What if he does let them down? What if he does govern like a sane, competent man who believes that all of us are created equal? And it works? How will they react to that? And what if it doesn't work? Who, or what, could they turn to next? Will they admit they were hoodwinked by the ultimate con man? Or will they try to find someone so in tune with their beliefs that he makes Trump look like the freakin' Dalai Lama?
That's the truly scary scenario: What happens when the people who betrayed our country last night, because they feel that everyone else has betrayed them, end up feeling betrayed by Trump?
No one knows what's going to happen. With Hillary, we could have guessed. With Trump, I shudder to think.
But, Dad, my threat to run away to Canada wouldn't just be an insult to you, and to everyone who ever served our country in any capacity. It would be pointless, since whatever damage Trump does, if he does any, would have residual effects on the rest of the world.
You may never have seen Margaret Cho. She's a comedian, a little older than I am. From San Francisco. Korean-American. Bisexual. Tattooed like crazy. Outspoken to a level that makes some people, even her ardent fans, uncomfortable. Doesn't take any crap from anyone.
In 2005, right after George W. was re-elected, she collected some essays she wrote, and put them in a book she titled I Have Chosen to Stay and Fight.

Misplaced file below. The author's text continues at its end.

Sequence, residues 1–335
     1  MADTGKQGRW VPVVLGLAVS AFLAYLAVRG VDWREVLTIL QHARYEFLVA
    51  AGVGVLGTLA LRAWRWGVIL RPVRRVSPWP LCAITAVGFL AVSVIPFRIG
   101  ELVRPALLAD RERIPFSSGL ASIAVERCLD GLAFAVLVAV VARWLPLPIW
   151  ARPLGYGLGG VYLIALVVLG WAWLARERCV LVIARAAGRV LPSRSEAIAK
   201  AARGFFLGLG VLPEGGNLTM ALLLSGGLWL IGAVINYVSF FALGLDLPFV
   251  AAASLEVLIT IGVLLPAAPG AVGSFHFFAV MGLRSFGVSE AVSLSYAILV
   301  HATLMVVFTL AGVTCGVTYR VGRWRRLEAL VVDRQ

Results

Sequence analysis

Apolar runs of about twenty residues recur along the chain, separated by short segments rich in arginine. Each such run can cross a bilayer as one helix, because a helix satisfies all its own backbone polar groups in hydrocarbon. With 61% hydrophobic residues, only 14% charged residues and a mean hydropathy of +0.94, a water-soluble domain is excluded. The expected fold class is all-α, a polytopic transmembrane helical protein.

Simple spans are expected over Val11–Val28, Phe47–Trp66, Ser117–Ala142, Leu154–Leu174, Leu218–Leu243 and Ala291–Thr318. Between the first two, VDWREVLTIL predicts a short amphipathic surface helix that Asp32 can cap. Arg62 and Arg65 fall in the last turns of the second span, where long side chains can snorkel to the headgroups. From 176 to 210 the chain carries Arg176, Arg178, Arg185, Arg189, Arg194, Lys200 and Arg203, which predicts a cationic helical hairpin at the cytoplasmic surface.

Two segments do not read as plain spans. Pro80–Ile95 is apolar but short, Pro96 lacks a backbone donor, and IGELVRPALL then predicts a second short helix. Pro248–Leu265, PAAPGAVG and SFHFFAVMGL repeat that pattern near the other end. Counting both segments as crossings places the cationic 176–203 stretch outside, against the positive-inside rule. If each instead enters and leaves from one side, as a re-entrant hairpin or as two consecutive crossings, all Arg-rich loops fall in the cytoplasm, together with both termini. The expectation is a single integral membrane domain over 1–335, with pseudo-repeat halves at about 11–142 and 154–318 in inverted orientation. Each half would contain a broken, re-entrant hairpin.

She did not abandon women, nonwhites, gays, and whatever other constituency she might have had, then, even though, with money, she had the means to do so.
I've got five good reasons to stay and fight, even if none of us yet, in this context, knows what "fighting" means.
A mother. A sister. And three nieces. Or, as you would call them, your wife, your daughter, and your grandchildren, including the new one that you never got to meet.
The first two girls, they still remember you, but, eventually, their memories will fade, and I will fight to keep those memories fresh. The third one, I tell her about you, even though she's too young to understand. I show her your picture, even though she cannot know who she's looking at. And I tell her how great you were -- even if I never really told you. I should have. I'm sorry. And I tell her how much you would have loved her. And I tell her that I will love her as much as you would have.
Mom is very upset. She can't believe that, at last check, over 58.2 million people voted for this guy, only 57.7 million for Hillary. To put that in perspective, John Kerry got more than 58.2 million in 2004, John McCain topped it in 2008, and Mitt Romney beat it in 2012 -- and they all lost.
Barack Obama got 65.9 million votes in 2012 -- down from the 69.5 million he got in 2008. Somehow, Hillary lost 8.2 million votes -- 1 out of every 7 that Obama got. Whether it was her own fault, or that of the people attacking her, or that of the media for not using their power against Trump the way they did against Romney for his lies and his elitism, for the moment, does not matter.
What matters is that Trump got fewer votes than the losers of the last 3 elections, and still won. What matters is that we have not "a 50-50 country," like Chris Matthews of MSNBC likes to say, but a 45-45-10 country, and the 10 who didn't show up, because they couldn't bring themselves to vote for Hillary, messed things up every bit as much as the right-wing 45 did.